With its increasingly secular and religiously diverse population Australia faces many challenges in determining how the state and religion should interact. Australia is not unique in facing these challenges. States worldwide, including common law countries with shared legal and religious heritages, have also been faced with the question of how the state and religion should relate to one another. Countries such as the United Kingdom, Canada, New Zealand and the United States have all had to grapple with how to manage the state-religion relationship in the present day.
This book provides a comprehensive historical review of the interaction of the state and religion in Australia. It brings together multiple examples of areas in which the state and religion interact, and reviews these examples across Australia's history from settlement through to present day. The book sets this story within a wider theoretical context via an examination of theories of state-religion relationships as well as a comparison with other similar common law jurisdictions.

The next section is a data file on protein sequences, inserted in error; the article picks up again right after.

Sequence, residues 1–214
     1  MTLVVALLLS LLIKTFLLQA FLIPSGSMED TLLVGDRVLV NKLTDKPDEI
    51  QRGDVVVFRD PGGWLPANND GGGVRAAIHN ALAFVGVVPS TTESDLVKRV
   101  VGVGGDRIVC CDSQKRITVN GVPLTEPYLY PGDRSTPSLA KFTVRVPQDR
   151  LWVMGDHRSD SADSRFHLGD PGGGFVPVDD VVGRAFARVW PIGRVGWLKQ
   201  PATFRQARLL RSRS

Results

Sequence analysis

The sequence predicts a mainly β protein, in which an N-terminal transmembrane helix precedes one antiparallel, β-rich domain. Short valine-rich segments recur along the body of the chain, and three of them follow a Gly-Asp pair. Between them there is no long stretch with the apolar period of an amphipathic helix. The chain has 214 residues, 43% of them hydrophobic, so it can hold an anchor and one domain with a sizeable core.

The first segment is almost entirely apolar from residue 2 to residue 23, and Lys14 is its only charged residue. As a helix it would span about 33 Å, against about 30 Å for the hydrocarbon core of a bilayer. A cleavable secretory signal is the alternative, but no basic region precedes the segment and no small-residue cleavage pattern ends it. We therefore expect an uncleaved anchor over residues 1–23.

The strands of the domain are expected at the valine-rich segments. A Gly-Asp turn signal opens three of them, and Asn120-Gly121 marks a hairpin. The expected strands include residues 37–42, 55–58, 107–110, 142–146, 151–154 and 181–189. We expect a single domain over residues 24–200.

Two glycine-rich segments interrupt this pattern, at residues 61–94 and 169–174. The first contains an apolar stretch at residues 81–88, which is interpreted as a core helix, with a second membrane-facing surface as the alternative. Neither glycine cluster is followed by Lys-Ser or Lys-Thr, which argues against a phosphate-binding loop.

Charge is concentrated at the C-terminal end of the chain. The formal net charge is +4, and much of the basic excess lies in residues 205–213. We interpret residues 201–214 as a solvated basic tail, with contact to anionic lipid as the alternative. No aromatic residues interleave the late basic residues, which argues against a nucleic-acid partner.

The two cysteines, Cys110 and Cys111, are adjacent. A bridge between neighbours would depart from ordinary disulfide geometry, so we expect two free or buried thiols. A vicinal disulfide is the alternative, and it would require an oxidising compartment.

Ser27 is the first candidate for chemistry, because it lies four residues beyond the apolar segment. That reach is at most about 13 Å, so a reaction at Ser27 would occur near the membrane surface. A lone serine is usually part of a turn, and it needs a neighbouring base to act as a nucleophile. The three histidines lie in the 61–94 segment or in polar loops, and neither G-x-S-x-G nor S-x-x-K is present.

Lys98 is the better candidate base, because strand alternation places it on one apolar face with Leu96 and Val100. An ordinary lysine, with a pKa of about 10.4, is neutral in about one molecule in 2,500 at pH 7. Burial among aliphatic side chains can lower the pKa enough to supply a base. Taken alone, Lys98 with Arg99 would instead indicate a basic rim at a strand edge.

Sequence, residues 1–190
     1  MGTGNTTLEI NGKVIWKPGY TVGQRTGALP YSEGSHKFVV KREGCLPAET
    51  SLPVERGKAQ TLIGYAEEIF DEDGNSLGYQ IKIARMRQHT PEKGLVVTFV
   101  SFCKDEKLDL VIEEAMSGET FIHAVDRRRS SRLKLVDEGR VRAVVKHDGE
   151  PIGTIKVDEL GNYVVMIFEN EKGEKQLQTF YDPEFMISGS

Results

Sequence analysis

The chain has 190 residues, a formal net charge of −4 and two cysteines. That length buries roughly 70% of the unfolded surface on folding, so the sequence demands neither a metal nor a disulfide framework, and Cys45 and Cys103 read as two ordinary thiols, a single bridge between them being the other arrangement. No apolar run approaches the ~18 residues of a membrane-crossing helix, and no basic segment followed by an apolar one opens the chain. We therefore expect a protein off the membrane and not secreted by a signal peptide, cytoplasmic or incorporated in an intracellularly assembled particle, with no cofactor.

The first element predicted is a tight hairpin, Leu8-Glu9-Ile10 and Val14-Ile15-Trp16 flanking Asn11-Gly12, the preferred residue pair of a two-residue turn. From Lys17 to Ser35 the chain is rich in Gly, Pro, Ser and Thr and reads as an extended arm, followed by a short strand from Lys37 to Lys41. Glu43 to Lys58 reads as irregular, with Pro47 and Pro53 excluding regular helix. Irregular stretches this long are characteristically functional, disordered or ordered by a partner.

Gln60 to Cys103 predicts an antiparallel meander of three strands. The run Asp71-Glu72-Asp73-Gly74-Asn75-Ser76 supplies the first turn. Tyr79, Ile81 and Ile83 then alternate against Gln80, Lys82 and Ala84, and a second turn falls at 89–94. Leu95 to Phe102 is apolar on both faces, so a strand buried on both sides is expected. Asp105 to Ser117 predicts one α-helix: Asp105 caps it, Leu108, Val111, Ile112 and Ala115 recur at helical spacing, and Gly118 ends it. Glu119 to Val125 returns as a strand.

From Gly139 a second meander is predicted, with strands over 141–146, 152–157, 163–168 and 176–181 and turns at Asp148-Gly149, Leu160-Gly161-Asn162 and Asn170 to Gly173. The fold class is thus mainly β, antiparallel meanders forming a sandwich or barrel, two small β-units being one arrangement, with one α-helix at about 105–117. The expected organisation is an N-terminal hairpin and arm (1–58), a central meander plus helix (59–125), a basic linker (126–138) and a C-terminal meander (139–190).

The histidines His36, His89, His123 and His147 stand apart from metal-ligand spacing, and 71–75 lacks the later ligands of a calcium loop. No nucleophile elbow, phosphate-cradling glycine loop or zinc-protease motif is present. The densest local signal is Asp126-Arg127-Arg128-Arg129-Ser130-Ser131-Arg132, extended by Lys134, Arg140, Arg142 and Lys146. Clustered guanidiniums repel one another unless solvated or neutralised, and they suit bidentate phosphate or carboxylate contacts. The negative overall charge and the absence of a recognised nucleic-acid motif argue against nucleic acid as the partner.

The book demonstrates how the solutions arrived at in Australia is uniquely Australian owing to Australia's unique legal system, religious demographics and history. However this is just one possible outcome among many that have been tried in common law liberal democracies.